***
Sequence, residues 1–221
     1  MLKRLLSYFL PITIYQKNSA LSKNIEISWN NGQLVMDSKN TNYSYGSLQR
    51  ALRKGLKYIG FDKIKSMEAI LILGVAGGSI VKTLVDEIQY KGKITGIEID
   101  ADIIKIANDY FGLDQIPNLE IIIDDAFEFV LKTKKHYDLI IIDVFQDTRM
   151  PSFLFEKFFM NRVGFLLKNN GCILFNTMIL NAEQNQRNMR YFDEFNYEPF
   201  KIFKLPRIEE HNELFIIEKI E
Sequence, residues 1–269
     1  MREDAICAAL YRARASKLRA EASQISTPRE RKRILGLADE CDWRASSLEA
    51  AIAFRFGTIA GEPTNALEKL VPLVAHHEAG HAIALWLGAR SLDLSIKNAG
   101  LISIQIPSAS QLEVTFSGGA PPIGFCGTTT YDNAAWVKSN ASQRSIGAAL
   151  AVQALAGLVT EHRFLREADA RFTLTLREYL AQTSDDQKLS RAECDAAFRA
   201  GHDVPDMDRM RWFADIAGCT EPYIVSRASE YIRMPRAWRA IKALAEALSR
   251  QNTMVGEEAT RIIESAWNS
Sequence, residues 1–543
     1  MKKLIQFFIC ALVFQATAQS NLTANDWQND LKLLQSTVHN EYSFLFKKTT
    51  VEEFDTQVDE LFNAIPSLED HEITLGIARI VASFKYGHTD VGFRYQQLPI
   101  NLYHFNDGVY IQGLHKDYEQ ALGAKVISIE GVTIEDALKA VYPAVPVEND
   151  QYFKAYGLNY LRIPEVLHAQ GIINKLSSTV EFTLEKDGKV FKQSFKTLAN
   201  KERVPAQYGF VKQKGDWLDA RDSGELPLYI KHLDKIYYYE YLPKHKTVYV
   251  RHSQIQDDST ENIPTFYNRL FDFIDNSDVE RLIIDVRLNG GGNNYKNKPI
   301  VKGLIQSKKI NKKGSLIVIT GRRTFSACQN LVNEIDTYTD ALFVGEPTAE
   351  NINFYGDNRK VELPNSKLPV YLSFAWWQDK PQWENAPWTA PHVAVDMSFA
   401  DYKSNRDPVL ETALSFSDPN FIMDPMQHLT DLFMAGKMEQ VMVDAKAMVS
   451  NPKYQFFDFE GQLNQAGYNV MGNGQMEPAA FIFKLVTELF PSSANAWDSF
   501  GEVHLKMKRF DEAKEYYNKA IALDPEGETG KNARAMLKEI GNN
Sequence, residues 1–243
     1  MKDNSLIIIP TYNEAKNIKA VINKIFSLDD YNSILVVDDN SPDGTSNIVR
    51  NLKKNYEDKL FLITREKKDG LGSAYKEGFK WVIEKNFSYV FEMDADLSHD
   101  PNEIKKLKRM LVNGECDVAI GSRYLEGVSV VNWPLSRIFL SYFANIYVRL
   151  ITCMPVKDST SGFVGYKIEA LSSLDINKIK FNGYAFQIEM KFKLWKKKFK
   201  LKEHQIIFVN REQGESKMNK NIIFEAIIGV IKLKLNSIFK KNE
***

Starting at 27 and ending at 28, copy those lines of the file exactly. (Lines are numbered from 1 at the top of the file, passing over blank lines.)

     1  MKDNSLIIIP TYNEAKNIKA VINKIFSLDD YNSILVVDDN SPDGTSNIVR
    51  NLKKNYEDKL FLITREKKDG LGSAYKEGFK WVIEKNFSYV FEMDADLSHD